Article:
a) justification:

Psa. 32:1 Blessed is the one whose transgression is forgiven,
whose sin is covered.
Psa. 32:2 Blessed is the man against whom the LORD counts no iniquity,
and in whose spirit there is no deceit.
Psa. 32:5 I acknowledged my sin to you,
and I did not cover my iniquity;
I said, “I will confess my transgressions to the LORD,”
and you forgave the iniquity of my sin. Selah

Is. 1:18 “Come now, let us reason together, says the LORD:
though your sins are like scarlet,
they shall be as white as snow;
though they are red like crimson,
they shall become like wool.

Rom. 4:9 Is this blessing then only for the circumcised, or also for the uncircumcised? For we say that faith was counted to Abraham as righteousness.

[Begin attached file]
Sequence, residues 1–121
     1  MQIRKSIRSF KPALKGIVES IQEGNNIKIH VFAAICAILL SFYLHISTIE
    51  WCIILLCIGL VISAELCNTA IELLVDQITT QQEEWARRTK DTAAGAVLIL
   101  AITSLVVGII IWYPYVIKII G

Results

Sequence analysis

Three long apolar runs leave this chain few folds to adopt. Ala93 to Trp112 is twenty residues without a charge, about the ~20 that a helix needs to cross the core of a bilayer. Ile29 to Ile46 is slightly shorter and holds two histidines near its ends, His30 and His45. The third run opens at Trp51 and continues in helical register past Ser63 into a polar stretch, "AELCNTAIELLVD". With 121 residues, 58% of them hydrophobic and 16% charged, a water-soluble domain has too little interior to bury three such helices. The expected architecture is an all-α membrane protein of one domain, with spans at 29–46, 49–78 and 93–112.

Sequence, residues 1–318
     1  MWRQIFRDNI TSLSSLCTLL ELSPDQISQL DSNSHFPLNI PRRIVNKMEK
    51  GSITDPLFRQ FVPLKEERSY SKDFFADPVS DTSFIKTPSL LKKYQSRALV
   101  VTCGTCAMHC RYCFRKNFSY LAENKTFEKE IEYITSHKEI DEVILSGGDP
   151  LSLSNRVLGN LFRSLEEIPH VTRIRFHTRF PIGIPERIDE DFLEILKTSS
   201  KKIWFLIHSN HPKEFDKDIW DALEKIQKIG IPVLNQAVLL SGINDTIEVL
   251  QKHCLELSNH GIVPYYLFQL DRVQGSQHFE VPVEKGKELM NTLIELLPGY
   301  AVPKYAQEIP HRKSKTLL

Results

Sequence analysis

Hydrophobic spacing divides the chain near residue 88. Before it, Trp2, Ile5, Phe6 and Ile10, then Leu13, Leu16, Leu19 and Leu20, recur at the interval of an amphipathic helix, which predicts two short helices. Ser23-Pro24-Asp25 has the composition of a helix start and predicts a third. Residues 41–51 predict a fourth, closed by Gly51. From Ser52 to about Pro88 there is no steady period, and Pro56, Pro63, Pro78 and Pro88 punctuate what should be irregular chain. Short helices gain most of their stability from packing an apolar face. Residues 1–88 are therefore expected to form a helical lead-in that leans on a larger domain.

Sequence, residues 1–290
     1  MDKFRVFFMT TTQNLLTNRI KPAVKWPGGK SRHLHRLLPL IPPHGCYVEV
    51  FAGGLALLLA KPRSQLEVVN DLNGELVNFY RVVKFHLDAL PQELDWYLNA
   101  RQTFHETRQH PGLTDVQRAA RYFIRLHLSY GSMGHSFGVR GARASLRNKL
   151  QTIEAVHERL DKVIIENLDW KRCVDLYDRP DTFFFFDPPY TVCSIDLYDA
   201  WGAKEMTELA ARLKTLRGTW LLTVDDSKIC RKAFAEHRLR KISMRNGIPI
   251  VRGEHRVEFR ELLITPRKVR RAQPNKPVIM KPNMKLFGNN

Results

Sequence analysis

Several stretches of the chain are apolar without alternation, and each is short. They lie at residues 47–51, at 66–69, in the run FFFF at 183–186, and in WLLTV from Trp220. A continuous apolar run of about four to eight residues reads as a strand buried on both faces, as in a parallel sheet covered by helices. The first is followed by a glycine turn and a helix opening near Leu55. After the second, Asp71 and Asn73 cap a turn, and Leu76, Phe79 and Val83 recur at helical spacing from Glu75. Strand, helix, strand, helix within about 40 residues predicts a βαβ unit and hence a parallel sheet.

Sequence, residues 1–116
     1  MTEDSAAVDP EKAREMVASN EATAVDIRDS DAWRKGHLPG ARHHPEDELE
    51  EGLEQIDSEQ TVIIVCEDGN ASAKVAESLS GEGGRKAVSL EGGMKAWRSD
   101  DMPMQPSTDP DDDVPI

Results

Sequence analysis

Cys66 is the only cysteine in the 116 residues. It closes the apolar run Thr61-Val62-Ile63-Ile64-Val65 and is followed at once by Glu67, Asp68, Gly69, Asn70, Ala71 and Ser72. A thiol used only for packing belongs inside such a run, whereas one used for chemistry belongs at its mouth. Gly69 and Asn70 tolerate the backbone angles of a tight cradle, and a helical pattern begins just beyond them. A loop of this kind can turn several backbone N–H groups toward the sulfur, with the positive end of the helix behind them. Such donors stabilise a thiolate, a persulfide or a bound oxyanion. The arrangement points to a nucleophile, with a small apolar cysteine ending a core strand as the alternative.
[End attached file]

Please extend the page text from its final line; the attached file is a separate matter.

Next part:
Gal. 3:6 just as Abraham “believed God, and it was counted to him as righteousness”?

b) regeneration

Deut. 30:6 And the LORD your God will circumcise your heart and the heart of your offspring, so that you will love the LORD your God with all your heart and with all your soul, that you may live.

Psa. 51:10 Create in me a clean heart, O God,
and renew a right spirit within me.

c) spiritual gifts

Joel 2:28 “And it shall come to pass afterward,
that I will pour out my Spirit on all flesh;
your sons and your daughters shall prophesy,
your old men shall dream dreams,
and your young men shall see visions.

Joel 2:32 And it shall come to pass that everyone who calls on the name of the LORD shall be saved. For in Mount Zion and in Jerusalem there shall be those who escape, as the LORD has said, and among the survivors shall be those whom the LORD calls.

Acts 2:17 “‘And in the last days it shall be, God declares,
that I will pour out my Spirit on all flesh,
and your sons and your daughters shall prophesy,
and your young men shall see visions,
and your old men shall dream dreams;